Will your personal tax rate be lower in 2022 than it will be for 2021? If so, and you have the option, you may wish to defer receiving income to 2022. And if your tax rate will be higher in 2022 than for 2021, try to accelerate income and receive it before the end of 2021.
There are a few options available to you when it comes to tax credits and deductions if you are enrolled in school:
If you are between the ages of 25 to 65 and enrolled in an eligible educational institution, you can claim a federal tax credit of $250 for 2021.
You can claim tuition paid on your taxes, carry the amount forward, or transfer an unused tuition amount to a spouse, parent, or grandparent.
Depending on your circumstances, there are up to three different ways you can set aside money in registered accounts to save for the future:
Contribute to your Tax-Free Savings Account (TFSA). You can contribute up to a maximum of $6000 for 2021. You can carry forward unused contribution room indefinitely. For instance, if you have never contributed to your TFSA, the cumulative total from 2009 to 2021 is $75,500.
Contribute to your Registered Retirement Savings Plan (RRSP) or a spousal RRSP. Remember, you can deduct contributions made in the year or within the first 60 days of the following calendar year from your 2021 income. You also have the option of carrying forward deductions.
Suppose you have a Registered Disability Savings Plan (RDSP) open for yourself or an eligible family member. You may be able to have both the Canada Disability Savings Grant (CDSG) and the Canada Disability Savings Bond (CDSB) paid into the RDSP. The CDSB is based on the beneficiary’s adjusted family net income and does not require any contributions to be made. The CDSG is based on both the beneficiary’s family net income and contribution amounts. In addition, up to 10 years of unused grants and bond entitlements can be carried forward.
If you need extra money this year because your income was unusually low, you may want to consider making an RRSP withdrawal before the end of the year to boost your income. This is generally only a good idea if you are in the lowest tax bracket. Be aware that you will permanently lose that contribution room if you withdraw money from an RRSP. However, if you are concerned about whether making an RRSP withdrawal is a good strategy for you, we are happy to answer any questions you may have.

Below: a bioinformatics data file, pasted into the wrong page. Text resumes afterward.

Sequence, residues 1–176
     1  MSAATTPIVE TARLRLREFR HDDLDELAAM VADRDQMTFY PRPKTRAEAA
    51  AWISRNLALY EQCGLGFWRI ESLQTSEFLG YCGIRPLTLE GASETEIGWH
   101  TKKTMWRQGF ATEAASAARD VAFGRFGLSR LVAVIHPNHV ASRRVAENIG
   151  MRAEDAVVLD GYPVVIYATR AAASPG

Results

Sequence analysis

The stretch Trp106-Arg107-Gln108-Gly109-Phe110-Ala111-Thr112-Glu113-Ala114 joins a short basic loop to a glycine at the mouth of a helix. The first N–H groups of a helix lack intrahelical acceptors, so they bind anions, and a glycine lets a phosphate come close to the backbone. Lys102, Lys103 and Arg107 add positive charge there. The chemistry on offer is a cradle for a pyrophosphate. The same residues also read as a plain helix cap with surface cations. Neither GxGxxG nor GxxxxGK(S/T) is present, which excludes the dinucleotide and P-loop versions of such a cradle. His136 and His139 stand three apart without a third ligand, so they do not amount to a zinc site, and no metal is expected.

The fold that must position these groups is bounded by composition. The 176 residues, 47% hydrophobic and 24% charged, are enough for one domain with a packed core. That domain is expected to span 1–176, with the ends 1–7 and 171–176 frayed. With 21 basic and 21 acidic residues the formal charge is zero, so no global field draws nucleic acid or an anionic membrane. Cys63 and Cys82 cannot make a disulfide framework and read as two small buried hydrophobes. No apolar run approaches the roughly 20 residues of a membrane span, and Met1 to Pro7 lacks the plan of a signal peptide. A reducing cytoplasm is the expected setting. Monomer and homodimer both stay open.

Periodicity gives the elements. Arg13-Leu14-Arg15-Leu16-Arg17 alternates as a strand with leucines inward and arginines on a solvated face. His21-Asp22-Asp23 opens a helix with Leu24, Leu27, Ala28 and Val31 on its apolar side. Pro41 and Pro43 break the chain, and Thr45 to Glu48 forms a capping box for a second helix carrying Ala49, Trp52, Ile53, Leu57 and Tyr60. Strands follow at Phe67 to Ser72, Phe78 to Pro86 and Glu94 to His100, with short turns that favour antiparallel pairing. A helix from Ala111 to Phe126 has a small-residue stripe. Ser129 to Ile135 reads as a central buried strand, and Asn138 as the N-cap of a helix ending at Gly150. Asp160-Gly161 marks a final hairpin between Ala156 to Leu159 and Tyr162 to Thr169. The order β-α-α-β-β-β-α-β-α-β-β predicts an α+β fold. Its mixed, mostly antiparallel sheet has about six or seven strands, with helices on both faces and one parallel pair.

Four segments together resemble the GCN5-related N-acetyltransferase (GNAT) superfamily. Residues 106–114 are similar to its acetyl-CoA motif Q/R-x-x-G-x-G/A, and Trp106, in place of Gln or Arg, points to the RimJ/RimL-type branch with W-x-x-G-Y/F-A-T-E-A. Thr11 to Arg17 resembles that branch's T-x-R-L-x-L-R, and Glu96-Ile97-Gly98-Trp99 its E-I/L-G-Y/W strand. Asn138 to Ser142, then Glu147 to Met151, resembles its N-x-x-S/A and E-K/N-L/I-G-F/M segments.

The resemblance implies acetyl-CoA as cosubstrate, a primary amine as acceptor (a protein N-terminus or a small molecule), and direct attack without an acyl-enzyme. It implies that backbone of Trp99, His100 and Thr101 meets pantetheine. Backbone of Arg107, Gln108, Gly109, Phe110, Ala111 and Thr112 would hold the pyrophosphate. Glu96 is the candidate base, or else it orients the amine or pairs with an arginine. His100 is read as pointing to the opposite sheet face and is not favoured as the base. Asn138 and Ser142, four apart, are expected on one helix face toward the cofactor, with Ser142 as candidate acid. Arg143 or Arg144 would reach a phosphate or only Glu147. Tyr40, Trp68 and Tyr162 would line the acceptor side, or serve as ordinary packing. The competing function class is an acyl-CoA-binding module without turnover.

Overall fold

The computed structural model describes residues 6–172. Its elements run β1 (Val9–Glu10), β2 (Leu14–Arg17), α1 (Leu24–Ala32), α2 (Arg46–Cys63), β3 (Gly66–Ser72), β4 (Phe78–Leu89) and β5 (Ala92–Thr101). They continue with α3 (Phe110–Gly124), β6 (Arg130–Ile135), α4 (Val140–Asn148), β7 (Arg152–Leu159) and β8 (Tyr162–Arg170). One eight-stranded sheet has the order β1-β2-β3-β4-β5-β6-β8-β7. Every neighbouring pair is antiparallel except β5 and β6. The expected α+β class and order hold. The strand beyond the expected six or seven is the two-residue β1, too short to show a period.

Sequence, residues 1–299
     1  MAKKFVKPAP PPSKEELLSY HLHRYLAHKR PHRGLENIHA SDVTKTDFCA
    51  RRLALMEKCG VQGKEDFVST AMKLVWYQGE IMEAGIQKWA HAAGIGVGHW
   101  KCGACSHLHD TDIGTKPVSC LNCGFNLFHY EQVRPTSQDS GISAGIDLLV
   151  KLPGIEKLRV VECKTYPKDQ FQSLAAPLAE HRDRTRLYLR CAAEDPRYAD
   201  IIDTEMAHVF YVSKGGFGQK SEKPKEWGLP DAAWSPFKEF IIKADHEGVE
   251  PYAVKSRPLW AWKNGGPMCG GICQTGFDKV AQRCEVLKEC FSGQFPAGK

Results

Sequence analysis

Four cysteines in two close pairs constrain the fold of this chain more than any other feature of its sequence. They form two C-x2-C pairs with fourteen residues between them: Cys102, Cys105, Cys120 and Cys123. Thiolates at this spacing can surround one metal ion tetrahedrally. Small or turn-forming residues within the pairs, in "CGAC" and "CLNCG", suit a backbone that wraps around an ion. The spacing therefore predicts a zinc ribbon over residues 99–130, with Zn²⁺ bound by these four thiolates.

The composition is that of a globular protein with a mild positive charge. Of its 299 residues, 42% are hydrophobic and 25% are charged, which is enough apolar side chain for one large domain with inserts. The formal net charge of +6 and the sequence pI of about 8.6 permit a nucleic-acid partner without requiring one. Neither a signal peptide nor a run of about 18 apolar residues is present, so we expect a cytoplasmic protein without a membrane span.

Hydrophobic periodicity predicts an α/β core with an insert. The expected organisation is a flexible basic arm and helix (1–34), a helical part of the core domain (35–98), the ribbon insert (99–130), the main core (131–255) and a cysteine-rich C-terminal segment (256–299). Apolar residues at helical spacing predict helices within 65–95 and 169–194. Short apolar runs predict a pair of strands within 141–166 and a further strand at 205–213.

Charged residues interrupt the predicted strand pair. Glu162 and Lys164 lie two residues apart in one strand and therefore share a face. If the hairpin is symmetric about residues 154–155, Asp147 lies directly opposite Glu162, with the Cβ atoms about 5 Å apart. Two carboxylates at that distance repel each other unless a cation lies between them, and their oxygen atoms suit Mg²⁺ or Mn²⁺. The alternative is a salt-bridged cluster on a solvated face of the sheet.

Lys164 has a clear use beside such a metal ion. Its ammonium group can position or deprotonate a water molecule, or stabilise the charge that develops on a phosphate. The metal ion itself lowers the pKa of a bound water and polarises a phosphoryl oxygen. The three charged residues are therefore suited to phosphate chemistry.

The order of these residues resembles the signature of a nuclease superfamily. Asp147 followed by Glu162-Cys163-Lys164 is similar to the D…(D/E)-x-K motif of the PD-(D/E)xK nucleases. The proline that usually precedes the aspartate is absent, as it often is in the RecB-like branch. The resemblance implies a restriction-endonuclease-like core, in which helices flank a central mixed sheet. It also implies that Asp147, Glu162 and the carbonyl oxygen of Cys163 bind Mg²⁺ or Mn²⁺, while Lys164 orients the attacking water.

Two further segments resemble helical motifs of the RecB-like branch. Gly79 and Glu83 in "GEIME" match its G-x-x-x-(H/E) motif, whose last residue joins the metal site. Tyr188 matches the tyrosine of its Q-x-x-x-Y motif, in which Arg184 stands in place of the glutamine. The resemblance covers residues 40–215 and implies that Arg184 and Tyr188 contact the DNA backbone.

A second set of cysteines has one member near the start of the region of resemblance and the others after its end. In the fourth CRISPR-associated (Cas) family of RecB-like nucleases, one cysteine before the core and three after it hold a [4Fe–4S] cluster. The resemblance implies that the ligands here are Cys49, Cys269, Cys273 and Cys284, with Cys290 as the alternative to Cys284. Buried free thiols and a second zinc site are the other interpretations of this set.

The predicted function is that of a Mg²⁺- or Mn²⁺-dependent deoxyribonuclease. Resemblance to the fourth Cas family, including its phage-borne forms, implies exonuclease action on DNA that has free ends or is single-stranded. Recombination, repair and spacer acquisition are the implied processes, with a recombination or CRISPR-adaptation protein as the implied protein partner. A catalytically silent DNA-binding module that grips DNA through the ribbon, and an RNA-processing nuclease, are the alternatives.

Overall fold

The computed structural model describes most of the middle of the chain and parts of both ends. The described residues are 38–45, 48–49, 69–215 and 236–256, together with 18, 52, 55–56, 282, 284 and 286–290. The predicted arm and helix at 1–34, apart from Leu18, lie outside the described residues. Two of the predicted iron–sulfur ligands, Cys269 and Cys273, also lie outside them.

If you paid someone to take care of your child so you or your spouse could attend school or work, then you can deduct these expenses. Various childcare expenses qualify for this deduction, including boarding school, camp, daycare, and even paying a relative over 18 for babysitting.
Be sure to get all your receipts and have the spouse with the lower net income claim the childcare expenses. Some provinces offer additional childcare tax credits on top of the federal ones.
A Registered Education Savings Plan (RESP) can be a great way to save for a child’s future education. However, the Canadian Education Savings Grant (CESG) is only available on the first $2,500 of contributions you make each year per child (to a maximum of $500, with a lifetime maximum of $7,200.).
If you have any unused CESG amounts for the current year, you can carry them forward. If the recipient of the RESP is now 16 or 17, they can only receive the CESG if:
a) At least $2,000 has already been contributed to the RESP; and
b) A minimum contribution of $100 was made to the RESP in any of the four previous years.
Are you turning 71 this year? If so, you are required to end your RRSP by December 31. You have several choices on what to do with your RRSP, including transferring your RRSP to a Registered Retirement Income Fund (RRIF), cashing out your RSSP, or purchasing an annuity. Talk to us about the tax implications of each of these choices.
Are you 65 or older and receiving pension income? If your pension income is eligible, you can deduct a federal tax credit equal to 15% on the first $2,000 of pension income received – plus any provincial tax credits.
If you don’t currently have any pension income, you may want to think about withdrawing $2,000 from an RRIF each year or using RRSP funds to purchase an annuity that pays at least $2,000 per year.
If you have reached the age of 60, you may be considering applying for the Canada Pension Plan (CPP). However, keep in mind that the monthly amount you will receive will be lower if you apply at 60 versus a later age. Keep in mind, you do not have to be retired to apply for CPP.
If you are 65 or older, ensure that you are enrolled for Old Age Security (OAS) benefits. Retroactive OAS payments are only available for up to 11 months plus the month you apply. If you are running into OAS “clawback” issues, consider ways to split or reduce other sources of income to avoid this.
Need some additional guidance?
We hope you have enjoyed all of our tax tips. If you have questions or want help to make sure you optimize your financial and tax planning, reach out to us and set up a time to talk.
If you own a business, check out our 2021 year-end tax tips for business owners.